I have spent some time this week creating a ‘gravatar’ for myself, the one you now see on my profile, based on a Sorrel leaf.
Before creating my blog, in fact at intervals over the past few years, I have had reasons to consider what name I should use publicly. I could simply use my own name – but that might not be fair to others who share my surname but not my beliefs. I could have used my ‘spirit’ name, my ‘magickal’ name as some would term it, but it is too personal and too easily abused, given the power that lies in a name. I save it for conscious communications of the spirit kind. So I needed a new name, one to use for writing. And if it was to be a public name, it needed to say something about me, and to have the right kind of energies associated with it that I could use to help me with my writing.
I explored several ideas, and was surprised how many potential names were already in use by other pagans. But then as so often happens on this path, everything just came together one day and felt right – the blog name and a writing name, and neither were in use by others as far as search engines could reveal. The simple meanings are given in my profile, the deeper meanings will become apparent over time as they gradually reveal themselves.
Just to be sure, I checked the names using Chaldean Numerology, my preferred system. Sorrel = 22, the same as my own name, and the same as Dragon. Creator and Doer. Pen adds 18, or 9, the Spiritual number. 22 + 18 + 22 = 62 / 8. Theme of Balance. Under a rowan tree = 60 / 6. Theme of Love. As a group of numbers they expressed very well what I wished to create with my blog and I felt these energies should serve me well.
So I had a name, but I didn’t yet have a symbol or image to use.
Having considered and rejected various ideas, I read an interesting passage in ‘Summer with the Leprechauns’ by Tanis Helliwell, where she learns about various spiritual symbols or insignias. The leprechaun for example has a four leaf clover, symbolising control of the four elements – earth, air, fire and water. (What we sometimes interpret as luck, they see as manifesting what is wanted.) Her symbol is a rose, a seeker or keeper of spiritual truths; enlightenment. The elements each have their own symbols. What was my symbol I wondered, and could I use it for my blog?
The easiest way for me to find out would be to journey. (I say easiest, but nothing is easy when you have a small child as a constant companion. The journey was done with a drumming CD and M sleeping half on top of me. No wonder most traditional shamans are male or over fifty!) As is my usual way, I started at a familiar hollow oak tree, about half a mile from here, found my cloak and staff where I had left them, and stated my question to the guardian of the doorway. Oak likes to challenge me with my question before I journey to otherworlds, knowing that I am wont to set off without having properly considered first, just because I have a rare opportunity to do so.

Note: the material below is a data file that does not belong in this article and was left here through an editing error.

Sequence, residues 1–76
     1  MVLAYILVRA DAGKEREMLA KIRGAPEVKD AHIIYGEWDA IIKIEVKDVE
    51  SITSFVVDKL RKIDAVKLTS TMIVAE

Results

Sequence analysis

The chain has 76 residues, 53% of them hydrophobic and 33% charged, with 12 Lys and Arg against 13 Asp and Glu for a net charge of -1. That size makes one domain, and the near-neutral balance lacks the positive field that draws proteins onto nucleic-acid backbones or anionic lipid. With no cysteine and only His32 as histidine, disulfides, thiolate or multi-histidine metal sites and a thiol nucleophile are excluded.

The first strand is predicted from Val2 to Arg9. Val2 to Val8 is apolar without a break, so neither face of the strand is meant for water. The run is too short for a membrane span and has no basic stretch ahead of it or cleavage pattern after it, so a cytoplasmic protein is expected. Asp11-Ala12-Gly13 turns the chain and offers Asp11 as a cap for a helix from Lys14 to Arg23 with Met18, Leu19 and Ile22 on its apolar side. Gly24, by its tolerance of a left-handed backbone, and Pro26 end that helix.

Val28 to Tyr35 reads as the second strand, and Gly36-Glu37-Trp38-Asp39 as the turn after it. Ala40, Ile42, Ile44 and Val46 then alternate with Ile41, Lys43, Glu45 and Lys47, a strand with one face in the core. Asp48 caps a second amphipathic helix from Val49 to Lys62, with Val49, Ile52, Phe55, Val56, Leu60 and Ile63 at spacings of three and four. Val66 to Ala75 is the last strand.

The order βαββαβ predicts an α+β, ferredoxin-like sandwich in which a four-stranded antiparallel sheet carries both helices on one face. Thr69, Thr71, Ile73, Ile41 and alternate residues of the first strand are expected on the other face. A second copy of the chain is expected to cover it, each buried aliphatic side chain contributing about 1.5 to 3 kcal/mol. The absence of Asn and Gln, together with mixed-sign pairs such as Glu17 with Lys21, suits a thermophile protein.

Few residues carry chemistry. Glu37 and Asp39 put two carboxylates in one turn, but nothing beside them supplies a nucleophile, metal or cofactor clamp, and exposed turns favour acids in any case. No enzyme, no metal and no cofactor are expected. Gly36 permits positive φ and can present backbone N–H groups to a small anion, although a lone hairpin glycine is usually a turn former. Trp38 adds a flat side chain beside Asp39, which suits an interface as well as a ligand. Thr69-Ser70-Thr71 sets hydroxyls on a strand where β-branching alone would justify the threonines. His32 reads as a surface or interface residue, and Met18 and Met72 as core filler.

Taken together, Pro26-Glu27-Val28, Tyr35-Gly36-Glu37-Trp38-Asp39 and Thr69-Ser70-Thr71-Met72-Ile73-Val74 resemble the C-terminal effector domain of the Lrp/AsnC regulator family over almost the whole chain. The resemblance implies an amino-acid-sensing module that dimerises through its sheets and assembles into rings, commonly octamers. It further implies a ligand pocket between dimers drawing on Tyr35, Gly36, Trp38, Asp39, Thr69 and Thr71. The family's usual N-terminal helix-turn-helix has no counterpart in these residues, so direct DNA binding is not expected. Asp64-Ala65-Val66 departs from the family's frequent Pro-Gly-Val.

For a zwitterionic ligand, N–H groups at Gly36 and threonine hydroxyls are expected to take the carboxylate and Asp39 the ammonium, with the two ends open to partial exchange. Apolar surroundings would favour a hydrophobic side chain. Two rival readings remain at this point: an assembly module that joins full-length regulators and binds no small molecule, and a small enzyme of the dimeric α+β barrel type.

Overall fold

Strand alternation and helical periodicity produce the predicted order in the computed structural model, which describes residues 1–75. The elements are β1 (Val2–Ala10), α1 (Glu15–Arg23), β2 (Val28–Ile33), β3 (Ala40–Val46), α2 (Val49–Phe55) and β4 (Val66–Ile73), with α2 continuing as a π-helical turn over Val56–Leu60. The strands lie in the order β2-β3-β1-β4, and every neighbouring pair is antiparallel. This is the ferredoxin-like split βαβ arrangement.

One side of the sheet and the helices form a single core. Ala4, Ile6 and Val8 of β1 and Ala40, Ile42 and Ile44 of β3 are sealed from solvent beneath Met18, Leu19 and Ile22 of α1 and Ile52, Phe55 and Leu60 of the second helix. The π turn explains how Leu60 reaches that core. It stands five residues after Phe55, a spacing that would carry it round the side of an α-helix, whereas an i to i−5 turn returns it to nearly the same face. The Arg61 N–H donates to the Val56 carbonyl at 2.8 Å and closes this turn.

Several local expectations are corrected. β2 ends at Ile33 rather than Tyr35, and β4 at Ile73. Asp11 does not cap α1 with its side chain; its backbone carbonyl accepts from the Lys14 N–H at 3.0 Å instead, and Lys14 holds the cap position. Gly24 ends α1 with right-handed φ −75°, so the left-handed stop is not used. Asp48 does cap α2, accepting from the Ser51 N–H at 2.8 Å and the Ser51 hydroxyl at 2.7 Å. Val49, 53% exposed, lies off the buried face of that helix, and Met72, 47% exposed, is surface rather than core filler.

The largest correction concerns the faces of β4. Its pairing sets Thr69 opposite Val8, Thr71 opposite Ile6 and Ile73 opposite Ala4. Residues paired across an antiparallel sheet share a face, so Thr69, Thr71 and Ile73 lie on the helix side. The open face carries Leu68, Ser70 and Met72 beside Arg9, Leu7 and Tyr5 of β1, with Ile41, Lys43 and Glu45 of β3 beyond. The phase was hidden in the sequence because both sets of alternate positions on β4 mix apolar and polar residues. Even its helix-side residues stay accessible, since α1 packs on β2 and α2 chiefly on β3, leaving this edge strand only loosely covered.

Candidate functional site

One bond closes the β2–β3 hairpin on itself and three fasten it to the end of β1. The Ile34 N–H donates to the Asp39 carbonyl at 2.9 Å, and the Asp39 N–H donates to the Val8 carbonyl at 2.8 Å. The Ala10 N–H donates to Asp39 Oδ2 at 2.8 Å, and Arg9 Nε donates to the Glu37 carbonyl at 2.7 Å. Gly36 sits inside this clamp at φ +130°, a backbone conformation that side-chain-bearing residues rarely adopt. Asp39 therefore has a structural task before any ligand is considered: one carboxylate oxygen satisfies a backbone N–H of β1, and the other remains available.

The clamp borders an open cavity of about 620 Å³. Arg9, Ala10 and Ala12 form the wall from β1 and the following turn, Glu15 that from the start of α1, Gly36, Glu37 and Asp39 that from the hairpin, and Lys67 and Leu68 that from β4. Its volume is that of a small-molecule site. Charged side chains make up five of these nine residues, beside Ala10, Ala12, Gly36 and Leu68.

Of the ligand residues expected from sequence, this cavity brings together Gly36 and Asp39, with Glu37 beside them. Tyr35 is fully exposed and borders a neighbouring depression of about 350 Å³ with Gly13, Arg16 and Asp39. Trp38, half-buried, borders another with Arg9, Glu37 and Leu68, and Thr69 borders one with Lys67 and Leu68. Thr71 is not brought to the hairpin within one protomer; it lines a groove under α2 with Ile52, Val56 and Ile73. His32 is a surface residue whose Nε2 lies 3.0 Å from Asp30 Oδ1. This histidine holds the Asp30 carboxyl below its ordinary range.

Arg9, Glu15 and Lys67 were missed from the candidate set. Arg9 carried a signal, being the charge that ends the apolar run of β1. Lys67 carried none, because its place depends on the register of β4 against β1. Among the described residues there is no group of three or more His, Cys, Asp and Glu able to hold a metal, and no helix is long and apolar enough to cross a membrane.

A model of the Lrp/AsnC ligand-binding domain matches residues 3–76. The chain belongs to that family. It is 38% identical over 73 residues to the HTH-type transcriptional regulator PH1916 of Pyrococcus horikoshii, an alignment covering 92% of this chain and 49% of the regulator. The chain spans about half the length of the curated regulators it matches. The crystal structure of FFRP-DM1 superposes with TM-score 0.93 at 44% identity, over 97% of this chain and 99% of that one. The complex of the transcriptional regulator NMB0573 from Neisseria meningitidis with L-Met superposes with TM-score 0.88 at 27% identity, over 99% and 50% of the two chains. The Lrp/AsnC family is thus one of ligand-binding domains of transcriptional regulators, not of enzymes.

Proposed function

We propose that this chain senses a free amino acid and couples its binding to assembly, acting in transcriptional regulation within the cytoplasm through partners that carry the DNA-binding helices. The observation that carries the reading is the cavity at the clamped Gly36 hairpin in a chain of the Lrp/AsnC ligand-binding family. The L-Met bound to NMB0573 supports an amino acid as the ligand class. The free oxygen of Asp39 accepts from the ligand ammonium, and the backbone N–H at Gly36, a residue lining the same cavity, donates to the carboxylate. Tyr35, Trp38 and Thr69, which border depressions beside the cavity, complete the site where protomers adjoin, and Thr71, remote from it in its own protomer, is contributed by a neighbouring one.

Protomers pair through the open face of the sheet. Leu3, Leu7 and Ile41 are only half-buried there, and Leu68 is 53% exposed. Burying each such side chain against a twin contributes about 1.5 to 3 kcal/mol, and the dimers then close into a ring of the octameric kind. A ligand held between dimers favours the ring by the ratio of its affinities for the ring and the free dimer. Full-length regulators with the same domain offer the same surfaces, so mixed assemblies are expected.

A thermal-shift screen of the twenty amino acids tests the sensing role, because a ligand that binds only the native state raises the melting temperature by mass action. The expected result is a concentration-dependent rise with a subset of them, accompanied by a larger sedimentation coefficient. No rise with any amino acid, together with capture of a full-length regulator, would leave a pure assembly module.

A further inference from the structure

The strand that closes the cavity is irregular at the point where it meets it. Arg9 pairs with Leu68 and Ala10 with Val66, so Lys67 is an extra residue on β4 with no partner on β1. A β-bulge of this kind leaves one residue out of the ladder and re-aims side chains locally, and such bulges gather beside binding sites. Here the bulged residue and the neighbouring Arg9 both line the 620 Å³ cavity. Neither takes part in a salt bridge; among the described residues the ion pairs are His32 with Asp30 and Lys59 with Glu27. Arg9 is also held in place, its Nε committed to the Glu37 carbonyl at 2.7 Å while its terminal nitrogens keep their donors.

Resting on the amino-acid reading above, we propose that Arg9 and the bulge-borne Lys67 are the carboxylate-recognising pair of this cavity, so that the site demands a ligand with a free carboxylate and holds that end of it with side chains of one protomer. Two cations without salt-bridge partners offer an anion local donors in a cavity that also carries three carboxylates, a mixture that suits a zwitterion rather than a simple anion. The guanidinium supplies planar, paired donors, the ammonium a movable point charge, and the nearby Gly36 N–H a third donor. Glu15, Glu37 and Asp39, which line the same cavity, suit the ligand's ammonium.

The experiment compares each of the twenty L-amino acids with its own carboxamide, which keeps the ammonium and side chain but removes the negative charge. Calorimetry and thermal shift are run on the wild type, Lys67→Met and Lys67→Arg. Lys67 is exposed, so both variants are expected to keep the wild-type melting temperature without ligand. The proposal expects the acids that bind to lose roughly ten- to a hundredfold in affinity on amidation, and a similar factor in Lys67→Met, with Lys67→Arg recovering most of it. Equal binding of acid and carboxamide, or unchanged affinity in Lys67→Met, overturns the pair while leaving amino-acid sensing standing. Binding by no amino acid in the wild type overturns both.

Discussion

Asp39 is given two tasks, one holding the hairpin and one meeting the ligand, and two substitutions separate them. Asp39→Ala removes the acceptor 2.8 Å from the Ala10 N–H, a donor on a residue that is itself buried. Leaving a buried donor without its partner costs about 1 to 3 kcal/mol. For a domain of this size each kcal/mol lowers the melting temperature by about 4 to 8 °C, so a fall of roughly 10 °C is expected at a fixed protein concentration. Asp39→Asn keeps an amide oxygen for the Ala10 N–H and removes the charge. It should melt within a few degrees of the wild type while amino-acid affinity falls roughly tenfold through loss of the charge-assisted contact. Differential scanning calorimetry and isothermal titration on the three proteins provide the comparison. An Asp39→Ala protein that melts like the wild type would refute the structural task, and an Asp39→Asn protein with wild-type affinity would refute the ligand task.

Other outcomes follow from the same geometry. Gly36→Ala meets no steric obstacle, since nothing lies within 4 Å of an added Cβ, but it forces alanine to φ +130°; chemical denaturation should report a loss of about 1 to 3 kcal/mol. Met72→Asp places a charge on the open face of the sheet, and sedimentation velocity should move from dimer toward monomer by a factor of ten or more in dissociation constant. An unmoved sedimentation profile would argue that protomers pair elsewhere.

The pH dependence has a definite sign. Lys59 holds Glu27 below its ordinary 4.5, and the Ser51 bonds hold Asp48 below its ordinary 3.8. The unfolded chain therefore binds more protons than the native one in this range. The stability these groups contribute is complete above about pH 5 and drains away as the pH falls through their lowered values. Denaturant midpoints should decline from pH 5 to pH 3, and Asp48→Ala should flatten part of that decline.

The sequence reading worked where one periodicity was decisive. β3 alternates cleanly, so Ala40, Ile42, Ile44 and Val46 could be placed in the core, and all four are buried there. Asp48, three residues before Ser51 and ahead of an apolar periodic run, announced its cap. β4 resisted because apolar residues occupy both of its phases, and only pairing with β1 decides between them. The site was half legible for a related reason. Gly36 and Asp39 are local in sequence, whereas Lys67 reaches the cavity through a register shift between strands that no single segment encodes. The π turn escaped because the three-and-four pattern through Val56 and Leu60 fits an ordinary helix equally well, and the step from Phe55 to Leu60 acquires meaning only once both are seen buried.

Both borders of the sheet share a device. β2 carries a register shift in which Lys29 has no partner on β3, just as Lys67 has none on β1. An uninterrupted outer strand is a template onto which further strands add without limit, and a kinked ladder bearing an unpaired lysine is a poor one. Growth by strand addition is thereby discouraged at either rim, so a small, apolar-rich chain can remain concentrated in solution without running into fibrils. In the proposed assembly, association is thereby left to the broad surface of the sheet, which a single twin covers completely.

Knowing my question, I thought I was well away today; I knew what I wanted to find out, and I hoped I would find a simple answer. But Oak stopped me in my tracks (not for the first time) by telling me to be sure I knew what it was I was asking, as I would have to look deep within myself for the answer. Also that when I add more names, I was adding more layers of secrecy, confusion, conflict, and potential. Make sure I do it consciously and by choice.
He was not wrong! The experience of having my symbol shown to me was both revealing and unsettling, and I learned more about myself and who I was and where I was going than I could ever have anticipated. Like having a deep truth brought out into the open, one that just felt right and comfortable, but was formidable at the same time given the expectation contained within the truth. However when I asked if this was an appropriate symbol to use, the answer was no. Sorry folks – I won’t be sharing any details just yet! I asked what I should use, and was told I needed to look within myself for something appropriate for the blog. What kind of an answer was that?
So the symbol I have chosen to use, as I said above, is a Sorrel leaf. The heart shape is very like an alder leaf, that of a watery nature with the drop bouncing back up, but tripled like a trefoil or a triskele which I generally interpret as being of three worlds. Very green, so it is aligned with the heart chakra in colour as well as shape. Celtic knotwork is not something I have done much of recently, but it felt appropriate here – one line, connecting all. Following it as I drew and coloured became a meditation of its own, much like walking a labyrinth, considering what it meant and what I hoped it would bring. The fact that it took three attempts to before I was satisfied only deepened my connections. And so my ‘gravatar’ brings alive the craft part of this blog at the same time.
I knew I had got it right. And I also know that had I simply been told what to do it would not have been half as rewarding as working it out for myself.